PRESS STATEMENT By People’s National Congress Reform Thursday, 25 May, 2006 Hall of Heroes Congress Place, Sophia.




SUMMARY:
• Independence is the celebration of the hard work and struggles of the founding fathers of this Nation. As we celebrate, let this occasion remind us of the heroes from early days like Cuffy, the leader of the great slave rebellion, to the modern heroes like Hubert Nathaniel Critchlow. The work of Forbes Burnham and Cheddie Jagan who mobilized the mass political movement and founded the modern political apparatus, which is still in place today, was an important juncture in the relentless struggle against oppression and the fight to gain our independence;
• The PNCR has, since 2002, been advocating the position that Guyana desperately needs a new system of governance to serve as the platform for economic and social transformation;
• The High Court action, brought in the name of PNCR executive member Joseph Hamilton, seeks several declarations against the Chairman and Commissioners of the Guyana Elections Commission;
• A classic example of political prejudice triumphing over objective fact is the development of Jagdeo’s strategy to undermine, belittle and ridicule the police and army at all levels.
• The insistence that the verification of the 2001 OLE include a House to House methodology is premised on the competent advice presented to the GECOM by its technical officers since 2004, after consultation with stakeholders and an examination by them of the procedure adopted in most countries where a new system of Continuous Registration was introduced.

PNCR 40TH INDEPENDENCE ANNIVERSARY MESSAGE

The People’s National Congress Reform is proud of the very significant role the leadership of our Party played in the struggle for political independence.

Our Party, forty (40) years ago, welcomed Political Independence not as an end in itself, but as a means towards the eradication of poverty, backwardness, disease and underdevelopment, which were the hallmarks of the colonial era.

In this endeavour, we are pleased to join in saluting this special and significant milestone. We have had a long history of struggle and resistance to the policies of our colonial masters. We struggled against the invaders who first came to our shores; we struggled against the institution of slavery. We struggled against the iniquities of the system of indentureship. We struggled for political independence so that we could be the masters of our own destiny.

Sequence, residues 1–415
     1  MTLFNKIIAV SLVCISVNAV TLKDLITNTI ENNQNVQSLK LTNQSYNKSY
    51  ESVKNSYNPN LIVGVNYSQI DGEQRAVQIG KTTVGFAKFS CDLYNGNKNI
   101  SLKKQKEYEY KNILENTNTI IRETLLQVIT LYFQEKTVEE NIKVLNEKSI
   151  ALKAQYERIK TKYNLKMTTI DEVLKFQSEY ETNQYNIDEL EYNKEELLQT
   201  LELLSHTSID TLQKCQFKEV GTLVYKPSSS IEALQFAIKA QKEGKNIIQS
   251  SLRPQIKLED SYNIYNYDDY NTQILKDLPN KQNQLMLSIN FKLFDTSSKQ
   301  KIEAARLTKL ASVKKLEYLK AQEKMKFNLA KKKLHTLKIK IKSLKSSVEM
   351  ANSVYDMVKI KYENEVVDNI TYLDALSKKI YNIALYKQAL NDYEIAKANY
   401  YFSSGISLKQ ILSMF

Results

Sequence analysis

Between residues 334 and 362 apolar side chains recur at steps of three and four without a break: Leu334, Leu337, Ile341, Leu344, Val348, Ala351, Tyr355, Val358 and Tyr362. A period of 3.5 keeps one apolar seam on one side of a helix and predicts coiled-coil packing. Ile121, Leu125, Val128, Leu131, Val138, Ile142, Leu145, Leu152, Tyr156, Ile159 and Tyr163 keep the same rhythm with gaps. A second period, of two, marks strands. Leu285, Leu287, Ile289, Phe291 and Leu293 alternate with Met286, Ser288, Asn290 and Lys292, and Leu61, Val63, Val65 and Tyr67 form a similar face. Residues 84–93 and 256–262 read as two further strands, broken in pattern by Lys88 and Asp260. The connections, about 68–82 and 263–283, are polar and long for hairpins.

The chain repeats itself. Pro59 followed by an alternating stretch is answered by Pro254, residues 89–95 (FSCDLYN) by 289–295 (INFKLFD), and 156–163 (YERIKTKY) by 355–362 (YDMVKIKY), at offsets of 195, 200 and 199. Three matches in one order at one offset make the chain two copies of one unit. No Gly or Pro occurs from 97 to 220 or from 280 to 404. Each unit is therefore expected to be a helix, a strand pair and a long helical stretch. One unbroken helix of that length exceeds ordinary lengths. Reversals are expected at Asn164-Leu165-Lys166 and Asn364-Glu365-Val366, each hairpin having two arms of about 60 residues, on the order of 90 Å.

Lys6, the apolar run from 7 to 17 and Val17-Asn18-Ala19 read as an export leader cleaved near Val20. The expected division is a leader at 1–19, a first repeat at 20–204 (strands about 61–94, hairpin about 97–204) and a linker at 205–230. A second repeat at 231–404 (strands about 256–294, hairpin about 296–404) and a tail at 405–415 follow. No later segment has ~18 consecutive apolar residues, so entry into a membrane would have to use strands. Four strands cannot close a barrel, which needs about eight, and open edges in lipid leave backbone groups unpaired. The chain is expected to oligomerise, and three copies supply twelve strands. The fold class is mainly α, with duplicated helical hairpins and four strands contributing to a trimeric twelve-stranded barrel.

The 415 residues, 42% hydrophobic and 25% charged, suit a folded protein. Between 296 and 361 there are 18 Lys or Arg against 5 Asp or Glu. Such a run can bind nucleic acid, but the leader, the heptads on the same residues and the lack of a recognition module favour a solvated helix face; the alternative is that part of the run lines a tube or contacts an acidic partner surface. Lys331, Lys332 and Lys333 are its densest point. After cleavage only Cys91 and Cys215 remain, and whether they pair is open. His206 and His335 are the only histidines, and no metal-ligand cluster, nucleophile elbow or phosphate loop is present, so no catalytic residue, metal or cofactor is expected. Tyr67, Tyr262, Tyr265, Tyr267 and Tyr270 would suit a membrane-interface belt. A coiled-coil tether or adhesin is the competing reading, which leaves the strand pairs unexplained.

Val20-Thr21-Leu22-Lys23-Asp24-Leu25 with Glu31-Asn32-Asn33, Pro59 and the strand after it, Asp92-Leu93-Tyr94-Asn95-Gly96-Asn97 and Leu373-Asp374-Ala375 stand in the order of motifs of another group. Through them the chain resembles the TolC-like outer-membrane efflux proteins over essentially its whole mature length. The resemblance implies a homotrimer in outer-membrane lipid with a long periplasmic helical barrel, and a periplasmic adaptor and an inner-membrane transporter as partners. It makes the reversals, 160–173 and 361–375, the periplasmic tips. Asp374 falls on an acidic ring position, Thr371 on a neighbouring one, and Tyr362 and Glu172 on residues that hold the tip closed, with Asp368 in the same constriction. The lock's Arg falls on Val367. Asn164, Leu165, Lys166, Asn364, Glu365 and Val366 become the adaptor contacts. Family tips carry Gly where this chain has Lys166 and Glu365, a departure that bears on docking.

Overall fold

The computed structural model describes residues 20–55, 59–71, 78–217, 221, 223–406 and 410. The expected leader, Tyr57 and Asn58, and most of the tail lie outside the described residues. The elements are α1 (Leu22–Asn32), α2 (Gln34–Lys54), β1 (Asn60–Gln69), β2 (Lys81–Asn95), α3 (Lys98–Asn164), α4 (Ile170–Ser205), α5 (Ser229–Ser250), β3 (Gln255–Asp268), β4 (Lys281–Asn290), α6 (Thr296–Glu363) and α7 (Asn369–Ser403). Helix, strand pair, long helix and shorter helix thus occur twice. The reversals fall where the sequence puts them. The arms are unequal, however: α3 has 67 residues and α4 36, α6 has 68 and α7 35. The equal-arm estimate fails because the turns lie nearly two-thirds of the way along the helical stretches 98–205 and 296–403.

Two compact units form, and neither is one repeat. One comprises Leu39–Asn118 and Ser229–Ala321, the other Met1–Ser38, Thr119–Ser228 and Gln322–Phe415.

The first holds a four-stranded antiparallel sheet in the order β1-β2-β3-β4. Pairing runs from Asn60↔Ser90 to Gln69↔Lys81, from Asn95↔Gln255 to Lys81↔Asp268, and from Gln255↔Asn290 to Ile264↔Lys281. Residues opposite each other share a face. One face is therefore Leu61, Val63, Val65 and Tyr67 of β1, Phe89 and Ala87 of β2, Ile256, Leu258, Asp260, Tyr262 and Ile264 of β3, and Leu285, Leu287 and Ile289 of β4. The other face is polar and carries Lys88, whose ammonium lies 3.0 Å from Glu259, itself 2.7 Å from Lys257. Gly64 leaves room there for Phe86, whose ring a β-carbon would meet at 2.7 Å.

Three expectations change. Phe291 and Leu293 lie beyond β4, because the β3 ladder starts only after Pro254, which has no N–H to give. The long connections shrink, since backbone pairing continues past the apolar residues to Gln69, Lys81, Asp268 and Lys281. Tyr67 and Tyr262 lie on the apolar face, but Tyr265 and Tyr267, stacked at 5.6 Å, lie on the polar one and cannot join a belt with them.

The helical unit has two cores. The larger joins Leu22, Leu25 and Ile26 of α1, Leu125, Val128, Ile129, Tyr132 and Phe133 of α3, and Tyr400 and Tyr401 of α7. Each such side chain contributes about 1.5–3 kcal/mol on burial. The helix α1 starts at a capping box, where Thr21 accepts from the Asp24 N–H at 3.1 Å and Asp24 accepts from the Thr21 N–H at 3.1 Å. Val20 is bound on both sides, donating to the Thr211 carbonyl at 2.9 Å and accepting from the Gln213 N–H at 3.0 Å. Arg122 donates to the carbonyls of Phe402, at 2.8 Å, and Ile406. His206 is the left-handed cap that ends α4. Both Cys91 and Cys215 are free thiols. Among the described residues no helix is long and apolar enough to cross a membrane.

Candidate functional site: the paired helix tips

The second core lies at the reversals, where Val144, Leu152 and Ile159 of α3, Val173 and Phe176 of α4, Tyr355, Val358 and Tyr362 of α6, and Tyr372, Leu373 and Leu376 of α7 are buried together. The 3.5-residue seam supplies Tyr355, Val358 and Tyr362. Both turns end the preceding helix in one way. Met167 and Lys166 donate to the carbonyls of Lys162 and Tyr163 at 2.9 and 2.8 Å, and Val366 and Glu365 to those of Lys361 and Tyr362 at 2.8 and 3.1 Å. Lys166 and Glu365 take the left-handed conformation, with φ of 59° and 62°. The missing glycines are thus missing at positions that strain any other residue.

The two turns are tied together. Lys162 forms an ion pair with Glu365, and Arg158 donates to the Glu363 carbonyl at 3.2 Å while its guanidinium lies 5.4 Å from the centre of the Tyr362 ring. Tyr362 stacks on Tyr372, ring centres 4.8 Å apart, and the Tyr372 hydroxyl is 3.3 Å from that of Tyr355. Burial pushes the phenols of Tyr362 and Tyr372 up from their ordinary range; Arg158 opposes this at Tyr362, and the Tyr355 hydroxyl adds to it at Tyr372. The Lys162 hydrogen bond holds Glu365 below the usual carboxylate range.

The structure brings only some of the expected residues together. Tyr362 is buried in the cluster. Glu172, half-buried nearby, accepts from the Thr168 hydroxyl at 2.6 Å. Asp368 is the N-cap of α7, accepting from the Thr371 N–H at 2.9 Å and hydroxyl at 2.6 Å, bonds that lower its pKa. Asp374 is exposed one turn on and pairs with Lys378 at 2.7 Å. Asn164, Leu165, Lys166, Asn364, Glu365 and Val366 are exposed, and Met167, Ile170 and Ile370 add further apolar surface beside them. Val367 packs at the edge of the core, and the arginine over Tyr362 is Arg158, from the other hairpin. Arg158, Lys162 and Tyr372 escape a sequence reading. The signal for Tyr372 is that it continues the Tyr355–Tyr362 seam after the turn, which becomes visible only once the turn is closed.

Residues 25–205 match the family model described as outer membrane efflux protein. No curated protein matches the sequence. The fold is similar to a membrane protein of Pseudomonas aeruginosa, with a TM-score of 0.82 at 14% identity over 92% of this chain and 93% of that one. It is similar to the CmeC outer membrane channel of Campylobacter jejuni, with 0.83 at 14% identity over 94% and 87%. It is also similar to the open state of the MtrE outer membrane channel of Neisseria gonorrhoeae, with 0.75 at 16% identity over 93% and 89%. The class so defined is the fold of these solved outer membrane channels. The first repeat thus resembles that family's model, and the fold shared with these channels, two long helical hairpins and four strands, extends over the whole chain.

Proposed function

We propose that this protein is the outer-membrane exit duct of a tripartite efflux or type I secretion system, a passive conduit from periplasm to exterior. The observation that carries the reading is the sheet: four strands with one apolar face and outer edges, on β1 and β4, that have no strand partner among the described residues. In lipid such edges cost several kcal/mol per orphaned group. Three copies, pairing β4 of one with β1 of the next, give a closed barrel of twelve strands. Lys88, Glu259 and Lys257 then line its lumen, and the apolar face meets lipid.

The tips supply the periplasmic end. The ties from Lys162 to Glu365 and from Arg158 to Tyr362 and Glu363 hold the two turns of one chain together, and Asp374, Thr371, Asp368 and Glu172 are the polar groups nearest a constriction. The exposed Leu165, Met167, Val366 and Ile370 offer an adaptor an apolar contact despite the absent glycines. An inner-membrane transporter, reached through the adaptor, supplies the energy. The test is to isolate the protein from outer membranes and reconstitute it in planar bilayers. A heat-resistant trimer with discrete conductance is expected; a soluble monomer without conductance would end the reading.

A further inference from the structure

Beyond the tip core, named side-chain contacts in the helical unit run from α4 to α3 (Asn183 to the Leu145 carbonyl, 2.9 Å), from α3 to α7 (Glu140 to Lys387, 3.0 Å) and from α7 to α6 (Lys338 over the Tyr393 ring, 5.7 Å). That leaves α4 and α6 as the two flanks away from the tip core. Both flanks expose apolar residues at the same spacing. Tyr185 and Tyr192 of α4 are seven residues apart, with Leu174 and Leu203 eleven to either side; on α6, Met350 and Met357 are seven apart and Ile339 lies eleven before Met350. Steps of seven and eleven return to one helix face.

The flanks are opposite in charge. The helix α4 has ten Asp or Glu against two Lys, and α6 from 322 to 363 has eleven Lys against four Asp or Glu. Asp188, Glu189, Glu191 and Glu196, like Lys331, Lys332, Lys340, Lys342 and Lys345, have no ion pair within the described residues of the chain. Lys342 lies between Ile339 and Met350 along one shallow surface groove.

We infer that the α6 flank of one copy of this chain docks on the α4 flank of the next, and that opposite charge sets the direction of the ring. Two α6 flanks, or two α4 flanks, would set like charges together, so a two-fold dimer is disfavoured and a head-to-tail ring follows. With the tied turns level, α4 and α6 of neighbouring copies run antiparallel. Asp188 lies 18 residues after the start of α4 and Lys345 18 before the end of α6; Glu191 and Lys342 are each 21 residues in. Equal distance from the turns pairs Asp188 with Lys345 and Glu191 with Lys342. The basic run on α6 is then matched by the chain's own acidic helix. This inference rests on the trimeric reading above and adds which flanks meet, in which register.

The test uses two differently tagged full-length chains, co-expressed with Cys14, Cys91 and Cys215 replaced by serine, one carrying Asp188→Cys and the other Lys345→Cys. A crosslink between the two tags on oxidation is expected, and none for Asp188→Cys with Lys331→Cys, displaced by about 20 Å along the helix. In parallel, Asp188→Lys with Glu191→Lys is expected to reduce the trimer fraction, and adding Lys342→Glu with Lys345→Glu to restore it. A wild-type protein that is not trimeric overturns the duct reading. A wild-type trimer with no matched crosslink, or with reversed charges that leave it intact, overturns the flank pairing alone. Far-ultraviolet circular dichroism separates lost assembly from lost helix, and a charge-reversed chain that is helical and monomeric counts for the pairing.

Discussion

Independence is the celebration of the hard work and struggles of the founding fathers of this Nation. As we celebrate, let this occasion remind us of the heroes from early days like Cuffy, the leader of the Great Slave Rebellion of 1763, to the modern heroes like Hubert Nathaniel Critchlow. The work of Forbes Burnham and Cheddie Jagan who mobilized the mass political movement and founded the modern political apparatus, which is still in place today, was an important juncture in the relentless struggle against oppression and the fight to gain our independence.

In accepting the instruments of Independence from the Duke of Kent, Mr. Linden Forbes Sampson Burnham, then Leader of the People’s National Congress and Prime Minister, said “Today we say goodbye to the British as masters and shake hands with them as friends”.

While underscoring the new partnership approach, which must characterize the relationship with the former colonial power, Mr. Burnham emphasized the need for self reliance and hard work, on the part of the Guyanese people, as essential in the struggle for a better life. His famous phrase “All I can promise you is hard work” resonates even now, forty (40) years on.

Independence means that, as a Nation, we are responsible to fashion and craft our own economic, social and political destiny in a difficult, nay hostile, international environment. Our Party is firmly convinced that the most important asset, which we inherited as a nation and which is still our greatest asset in meeting our present challenges, is the resilience, industry and ingenuity of our people. Whether in Guyana or in the Diaspora, Guyanese have proved themselves to be exceptional people. We need, on this occasion, to recapture the faith for overcoming the difficulties of the current period.

Looking back over the years, there can be no doubt that the People’s National Congress led Government, set the Independence ship of state on a very firm and steady course.

We should not, however, be naïve; our state is under threat at this time. It would be a tragedy if our hard won independence should be lost to crime, violence and corruption. We need to re-examine our forms of governance and use our creativity and imagination in deriving modern and relevant structures.

Let us together rebuild Guyana as a place that our children and our children’s children will be proud to own and feel honoured to serve.

THE PNCR REMAINS COMMITTED TO ITS WIDELY-KNOWN POSITION IN SUPPORT OF SHARED GOVERNANCE

As the Guyanese public is aware, the PNCR has, since 2002, been advocating the position that Guyana desperately needs a new system of governance to serve as the platform for economic and social transformation. Therefore, the Party is encouraged by the public expressions of interest and support, from the growing number of persons and groups, for shared governance or a government of national unity.